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Intelligent Ground Vehicle Traveling to International Competition
FOR IMMEDIATE RELEASE
Mechatronic Engineering Program
The IGV is a totally autonomous vehicle. Once the competition starts, the team members can touch the vehicle only to turn it on. The moment it is turned on, it is on its own. To navigate an obstacle course, it must be able to actually see the road and know where it is.
This is the third year that CSU, Chico has entered the competition. The team has learned from the experience of the first two groups and added features such as a stereo-vision camera, for which they wrote the software. They’ve created a system to test the vehicle via an iPhone; they’ve combined the entire system so that it uses one computer rather than the two used previously; and they’ve created line-following software that allows the vehicle to run continuously (previously, the vehicle would stop as it processed the huge amount of data it was receiving).
The project is one of a kind in terms of the degree of multi-disciplinary cooperation. Students from the Mechatronic Engineering Program and the Departments of Mechanical Engineering, Electrical Engineering, Manufacturing Technology and Computer Science contributed to the project.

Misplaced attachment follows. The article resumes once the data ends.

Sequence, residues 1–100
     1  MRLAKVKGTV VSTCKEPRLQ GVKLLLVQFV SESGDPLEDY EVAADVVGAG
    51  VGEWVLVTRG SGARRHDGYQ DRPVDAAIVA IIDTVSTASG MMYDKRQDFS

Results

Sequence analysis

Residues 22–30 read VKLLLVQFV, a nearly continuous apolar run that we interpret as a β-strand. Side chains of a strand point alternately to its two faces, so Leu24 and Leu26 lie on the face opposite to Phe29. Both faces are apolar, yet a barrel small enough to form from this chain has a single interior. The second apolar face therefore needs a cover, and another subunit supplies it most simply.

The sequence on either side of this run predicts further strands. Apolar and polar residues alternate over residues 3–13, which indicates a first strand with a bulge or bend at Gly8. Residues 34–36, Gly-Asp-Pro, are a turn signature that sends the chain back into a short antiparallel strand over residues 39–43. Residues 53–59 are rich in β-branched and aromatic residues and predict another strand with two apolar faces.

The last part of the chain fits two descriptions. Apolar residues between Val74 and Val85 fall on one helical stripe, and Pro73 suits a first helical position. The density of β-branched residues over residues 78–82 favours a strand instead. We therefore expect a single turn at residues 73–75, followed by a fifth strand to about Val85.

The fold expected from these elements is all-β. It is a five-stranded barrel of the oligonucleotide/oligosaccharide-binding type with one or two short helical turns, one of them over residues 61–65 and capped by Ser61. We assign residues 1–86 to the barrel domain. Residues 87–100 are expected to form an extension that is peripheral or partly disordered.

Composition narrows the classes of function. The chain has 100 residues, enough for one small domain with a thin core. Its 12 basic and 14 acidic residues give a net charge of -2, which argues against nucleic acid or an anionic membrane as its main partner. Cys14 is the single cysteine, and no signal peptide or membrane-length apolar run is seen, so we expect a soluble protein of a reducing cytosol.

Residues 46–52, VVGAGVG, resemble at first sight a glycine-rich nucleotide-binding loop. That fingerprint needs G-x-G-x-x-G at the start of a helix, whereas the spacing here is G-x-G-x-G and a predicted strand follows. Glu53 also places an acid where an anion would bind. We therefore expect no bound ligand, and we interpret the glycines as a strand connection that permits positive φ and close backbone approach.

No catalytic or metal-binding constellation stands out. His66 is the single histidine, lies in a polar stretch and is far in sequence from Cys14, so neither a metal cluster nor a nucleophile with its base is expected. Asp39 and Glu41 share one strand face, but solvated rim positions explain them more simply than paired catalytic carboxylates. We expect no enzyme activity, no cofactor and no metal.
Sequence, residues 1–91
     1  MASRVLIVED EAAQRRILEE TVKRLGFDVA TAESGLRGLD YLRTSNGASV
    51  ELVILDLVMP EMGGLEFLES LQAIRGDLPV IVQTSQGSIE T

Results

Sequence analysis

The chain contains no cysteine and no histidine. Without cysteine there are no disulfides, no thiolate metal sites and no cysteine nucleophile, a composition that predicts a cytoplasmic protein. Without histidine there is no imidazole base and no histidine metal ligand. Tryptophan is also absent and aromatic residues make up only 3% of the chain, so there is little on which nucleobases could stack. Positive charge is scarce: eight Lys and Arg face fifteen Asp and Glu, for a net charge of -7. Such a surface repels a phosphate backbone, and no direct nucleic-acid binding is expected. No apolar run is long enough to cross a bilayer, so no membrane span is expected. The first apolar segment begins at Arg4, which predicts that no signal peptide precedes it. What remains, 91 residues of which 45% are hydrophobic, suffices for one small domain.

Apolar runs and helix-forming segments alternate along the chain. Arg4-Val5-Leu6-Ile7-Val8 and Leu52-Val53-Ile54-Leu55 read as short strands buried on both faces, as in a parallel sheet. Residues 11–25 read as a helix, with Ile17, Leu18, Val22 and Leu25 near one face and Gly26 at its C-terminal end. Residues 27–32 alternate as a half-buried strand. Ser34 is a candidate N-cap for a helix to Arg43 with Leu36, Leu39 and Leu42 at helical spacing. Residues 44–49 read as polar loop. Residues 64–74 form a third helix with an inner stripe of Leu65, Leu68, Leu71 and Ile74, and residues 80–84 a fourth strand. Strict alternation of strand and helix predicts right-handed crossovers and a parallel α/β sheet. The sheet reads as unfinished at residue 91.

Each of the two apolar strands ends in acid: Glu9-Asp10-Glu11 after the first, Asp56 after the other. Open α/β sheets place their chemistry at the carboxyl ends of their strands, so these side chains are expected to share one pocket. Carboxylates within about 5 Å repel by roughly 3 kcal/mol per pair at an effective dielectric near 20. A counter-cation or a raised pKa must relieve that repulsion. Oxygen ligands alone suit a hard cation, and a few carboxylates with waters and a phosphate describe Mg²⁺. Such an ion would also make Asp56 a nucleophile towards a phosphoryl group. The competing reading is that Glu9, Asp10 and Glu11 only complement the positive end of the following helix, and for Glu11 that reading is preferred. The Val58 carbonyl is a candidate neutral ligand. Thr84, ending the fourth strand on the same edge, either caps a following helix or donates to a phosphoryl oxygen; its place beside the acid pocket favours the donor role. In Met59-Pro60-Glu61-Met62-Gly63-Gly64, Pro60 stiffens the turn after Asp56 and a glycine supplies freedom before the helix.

“Many of the other engineering projects for competitions our students have produced come out of one discipline,” said Ramesh Varahamurti, coordinator of the Mechatronic Engineering Program. “For example, the human powered vehicle comes out of mechanical engineering and the micromouse out of Electrical and Computer Engineering. This is a complex project that integrates many systems and many types of engineering. It has given the students the opportunity to collaborate across fields, which is invaluable to their future careers.”
The Mechatronic Engineering Program at CSU, Chico is also one of a kind. It is the first such program in the United States, with two others being established currently. A curriculum development program at San Jose State University, sponsored by the National Science Foundation in 1996, sparked interest in the program. CSU, Chico engineers had already created a comprehensive program which was awaiting approval from the Chancellor’s Office.
“Recently, I talked to one of the organizers at that original San Jose conference,” said Varahamurti, “and he said that he was surprised that we made it work—he and his colleagues hadn’t thought it was possible.”
The quality of work produced by students in the program has been noticed and spawned other collaborations, including with Lawrence Livermore Labs. Another project spawned by the IGV work was a tomato transplanter developed with the School of Agriculture that relied on the ability of the IGV to see color and transplant tomatoes autonomously.
The students working on the project and traveling to the competition include mechatronic engineering students Scott Vanni, Brian DeWilde, Corey Abbott and George Wing; Teresa Muir, mechanical engineering; and Michael Tonelli, electrical engineering.